If you use a 2" eyepiece in a C6, then there will be some light loss/vignetting on the outer portion of the view since the rear cell opening on a C6 is only about 26mm.  The field stops in long focal length eyepieces like a 35mm or 41mm Panoptic are much larger than 26mm, so the light coming through the baffle tube won't illuminate the entire FOV of these eyepieces.  But for some observers, this light loss isn't too much of a problem. 

 

Bill



#8 Jon Isaacs

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Posted 17 June 2015 - 07:02 PM

If you use a 2" eyepiece in a C6, then there will be some light loss/vignetting on the outer portion of the view since the rear cell opening on a C6 is only about 26mm.  The field stops in long focal length eyepieces like a 35mm or 41mm Panoptic are much larger than 26mm, so the light coming through the baffle tube won't illuminate the entire FOV of these eyepieces.  But for some observers, this light loss isn't too much of a problem. 

 

Bill

 

As Bill says, the rear port of a C-6 is about 26mm in Diameter, the field stop of the 35mm Panoptic is 38.7 mm, there is definitely going to be some vignetting.  If the rear port were in focus, then it would limit the field of view with a sharp cut off.  But it is way of focus and it actually works surprisingly well, I became a believer when I used the 31mm Nagler and the 35mm Panoptic in my C-5.. You still won't get the field of view afforded by fast Newtonian but it's a real step up from a 1.25 inch eyepiece.

 

Jon



#9 chipotle mg

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Posted 18 June 2015 - 12:38 AM

Jon & Bill Thanks for the input.

 

I understand tele vue to have the best quality but also higher prices.  I am also getting the idea that 32mm plossl design might be the sweet spot for my scope.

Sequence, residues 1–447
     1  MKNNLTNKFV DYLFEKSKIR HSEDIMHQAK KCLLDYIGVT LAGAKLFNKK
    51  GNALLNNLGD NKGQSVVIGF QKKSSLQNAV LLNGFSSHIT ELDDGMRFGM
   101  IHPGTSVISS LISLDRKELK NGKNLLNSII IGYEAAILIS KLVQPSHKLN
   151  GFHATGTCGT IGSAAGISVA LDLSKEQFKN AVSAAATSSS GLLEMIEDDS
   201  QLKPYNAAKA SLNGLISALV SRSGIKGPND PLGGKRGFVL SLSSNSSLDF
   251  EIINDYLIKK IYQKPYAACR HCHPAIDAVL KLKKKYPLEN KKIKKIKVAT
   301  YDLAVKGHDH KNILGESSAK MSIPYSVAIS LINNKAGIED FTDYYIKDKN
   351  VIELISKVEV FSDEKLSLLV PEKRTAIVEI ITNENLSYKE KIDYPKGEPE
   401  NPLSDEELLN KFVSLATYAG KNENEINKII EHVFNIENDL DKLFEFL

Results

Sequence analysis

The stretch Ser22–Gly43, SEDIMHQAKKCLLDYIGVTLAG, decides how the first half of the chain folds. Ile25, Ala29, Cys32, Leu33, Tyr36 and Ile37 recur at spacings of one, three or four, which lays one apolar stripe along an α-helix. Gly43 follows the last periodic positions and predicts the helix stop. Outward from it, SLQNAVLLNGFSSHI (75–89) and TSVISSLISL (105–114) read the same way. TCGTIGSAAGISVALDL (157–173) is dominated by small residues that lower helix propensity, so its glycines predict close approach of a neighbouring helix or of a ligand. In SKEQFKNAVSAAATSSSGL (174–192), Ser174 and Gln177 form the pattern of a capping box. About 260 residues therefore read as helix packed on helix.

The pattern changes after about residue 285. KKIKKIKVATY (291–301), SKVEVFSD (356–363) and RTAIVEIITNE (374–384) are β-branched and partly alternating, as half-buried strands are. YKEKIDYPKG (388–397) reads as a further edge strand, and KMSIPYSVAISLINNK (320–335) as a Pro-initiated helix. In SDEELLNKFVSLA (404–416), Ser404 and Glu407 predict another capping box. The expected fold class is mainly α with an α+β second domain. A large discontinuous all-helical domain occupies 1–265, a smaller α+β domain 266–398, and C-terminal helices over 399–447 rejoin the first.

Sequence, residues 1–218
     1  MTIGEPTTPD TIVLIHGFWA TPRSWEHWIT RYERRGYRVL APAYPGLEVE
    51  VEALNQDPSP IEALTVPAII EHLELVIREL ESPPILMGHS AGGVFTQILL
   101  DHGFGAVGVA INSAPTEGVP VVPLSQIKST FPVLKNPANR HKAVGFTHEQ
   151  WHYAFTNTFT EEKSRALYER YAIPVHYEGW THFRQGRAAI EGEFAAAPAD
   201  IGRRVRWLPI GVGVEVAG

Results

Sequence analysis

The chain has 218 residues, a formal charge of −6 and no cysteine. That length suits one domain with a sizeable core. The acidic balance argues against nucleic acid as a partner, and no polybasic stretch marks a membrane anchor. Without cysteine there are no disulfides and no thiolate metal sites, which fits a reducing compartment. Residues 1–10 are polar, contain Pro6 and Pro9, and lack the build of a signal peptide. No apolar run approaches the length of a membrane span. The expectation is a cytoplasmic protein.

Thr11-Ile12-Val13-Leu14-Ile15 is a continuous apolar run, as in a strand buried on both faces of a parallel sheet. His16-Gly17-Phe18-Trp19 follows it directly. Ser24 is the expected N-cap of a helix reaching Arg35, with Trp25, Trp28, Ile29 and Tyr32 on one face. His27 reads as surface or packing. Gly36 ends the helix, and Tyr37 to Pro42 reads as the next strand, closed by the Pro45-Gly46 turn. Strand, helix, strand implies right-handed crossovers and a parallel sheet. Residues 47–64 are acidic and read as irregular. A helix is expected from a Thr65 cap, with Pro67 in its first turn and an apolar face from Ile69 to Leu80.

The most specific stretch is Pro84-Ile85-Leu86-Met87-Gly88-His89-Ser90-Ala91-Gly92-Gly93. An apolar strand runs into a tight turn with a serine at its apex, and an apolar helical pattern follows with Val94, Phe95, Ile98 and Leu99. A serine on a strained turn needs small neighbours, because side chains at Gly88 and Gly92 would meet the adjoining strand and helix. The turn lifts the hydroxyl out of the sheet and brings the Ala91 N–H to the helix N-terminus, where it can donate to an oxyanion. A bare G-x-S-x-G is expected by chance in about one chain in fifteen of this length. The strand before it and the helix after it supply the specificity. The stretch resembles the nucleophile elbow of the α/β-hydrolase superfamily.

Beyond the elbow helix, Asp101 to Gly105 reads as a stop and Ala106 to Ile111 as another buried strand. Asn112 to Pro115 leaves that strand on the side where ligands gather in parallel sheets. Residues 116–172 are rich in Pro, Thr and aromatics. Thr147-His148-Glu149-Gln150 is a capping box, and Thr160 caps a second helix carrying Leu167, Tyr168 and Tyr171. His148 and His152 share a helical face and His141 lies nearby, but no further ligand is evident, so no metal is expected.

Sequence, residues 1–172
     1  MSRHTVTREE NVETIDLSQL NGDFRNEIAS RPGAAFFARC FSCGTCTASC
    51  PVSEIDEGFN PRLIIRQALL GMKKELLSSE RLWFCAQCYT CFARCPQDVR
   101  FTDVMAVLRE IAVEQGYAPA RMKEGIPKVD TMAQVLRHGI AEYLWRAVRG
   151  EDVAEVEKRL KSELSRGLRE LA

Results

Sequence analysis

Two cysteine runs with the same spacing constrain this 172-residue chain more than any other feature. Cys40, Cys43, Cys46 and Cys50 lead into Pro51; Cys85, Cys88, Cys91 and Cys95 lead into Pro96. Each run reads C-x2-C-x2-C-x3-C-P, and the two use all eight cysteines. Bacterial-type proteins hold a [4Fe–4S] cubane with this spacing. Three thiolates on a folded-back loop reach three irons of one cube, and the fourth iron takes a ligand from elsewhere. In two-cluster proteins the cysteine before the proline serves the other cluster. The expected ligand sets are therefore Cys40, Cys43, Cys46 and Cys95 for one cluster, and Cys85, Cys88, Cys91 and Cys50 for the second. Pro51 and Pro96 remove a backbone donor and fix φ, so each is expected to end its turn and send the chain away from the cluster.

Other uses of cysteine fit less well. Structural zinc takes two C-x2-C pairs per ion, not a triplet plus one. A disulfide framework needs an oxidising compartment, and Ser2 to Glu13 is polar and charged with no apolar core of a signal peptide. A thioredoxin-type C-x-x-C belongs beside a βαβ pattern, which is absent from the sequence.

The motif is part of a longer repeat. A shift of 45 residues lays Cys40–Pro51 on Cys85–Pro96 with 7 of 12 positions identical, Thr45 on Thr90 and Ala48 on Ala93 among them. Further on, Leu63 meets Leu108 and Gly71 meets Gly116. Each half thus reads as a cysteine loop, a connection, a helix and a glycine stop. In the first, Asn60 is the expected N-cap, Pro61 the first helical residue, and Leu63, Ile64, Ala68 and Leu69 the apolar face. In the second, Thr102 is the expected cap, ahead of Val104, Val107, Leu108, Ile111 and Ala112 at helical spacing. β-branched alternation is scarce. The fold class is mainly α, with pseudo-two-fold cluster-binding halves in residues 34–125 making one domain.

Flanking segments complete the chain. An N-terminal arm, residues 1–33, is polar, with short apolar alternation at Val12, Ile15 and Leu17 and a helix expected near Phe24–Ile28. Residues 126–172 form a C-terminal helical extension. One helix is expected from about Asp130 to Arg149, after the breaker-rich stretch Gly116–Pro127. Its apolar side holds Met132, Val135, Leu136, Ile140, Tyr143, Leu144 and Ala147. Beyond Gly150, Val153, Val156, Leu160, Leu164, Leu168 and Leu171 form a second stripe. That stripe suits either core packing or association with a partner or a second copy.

Would you guys consider  this 32mm plossl from high point scientific?

 

http://www.highpoint...high-point-pl30

 

would it be a good "finder eyepiece" to start viewing with after using the real finder, but before switching to higher magnification eyepieces?



#10 Eddgie

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Posted 18 June 2015 - 07:50 AM

havasman, brian c, scott larry, eddgie,

 

Thanks so much.  I have to re-read what you wrote and let it sink in for a bit.

 

I was wondering if I could attach a 2" diagonal onto the c6 and get a wider field of view with a 2" eyepiece.  Is that possible  or would the scope just show the same field of view with the 2" eyepiece as it does with the 1.25" eyepiece?

 

 

A typical 2" Visual back and 2" diagonal will raise the focal length of the scope quite a bit.  The scope is only reallly 1500mm when you use the factory visual back and factory 1.25" prism.   It  is more like 1600mm if you use 2".

 

What no one has mentioned yet is the use of a focal reducer, which changes the scope to about 1000mm, and this will work without vignetting.

 

My recommendation would be the f/6.3 focal reducer, a 1.25" prism diagonal, an ES 24mm 68 degree eyepecie, and a Baader Zoom eyepiece.

 

Now you have a very nice, wide well illuminated low power field and a very nice range of magnifications for general use, and if you take off the focal reducer, the zoom makes a great planetary eyepiece because you can adjust the magnification very exactly for seeing .



#11 Brian Carter

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Posted 18 June 2015 - 04:13 PM


havasman, brian c, scott larry, eddgie,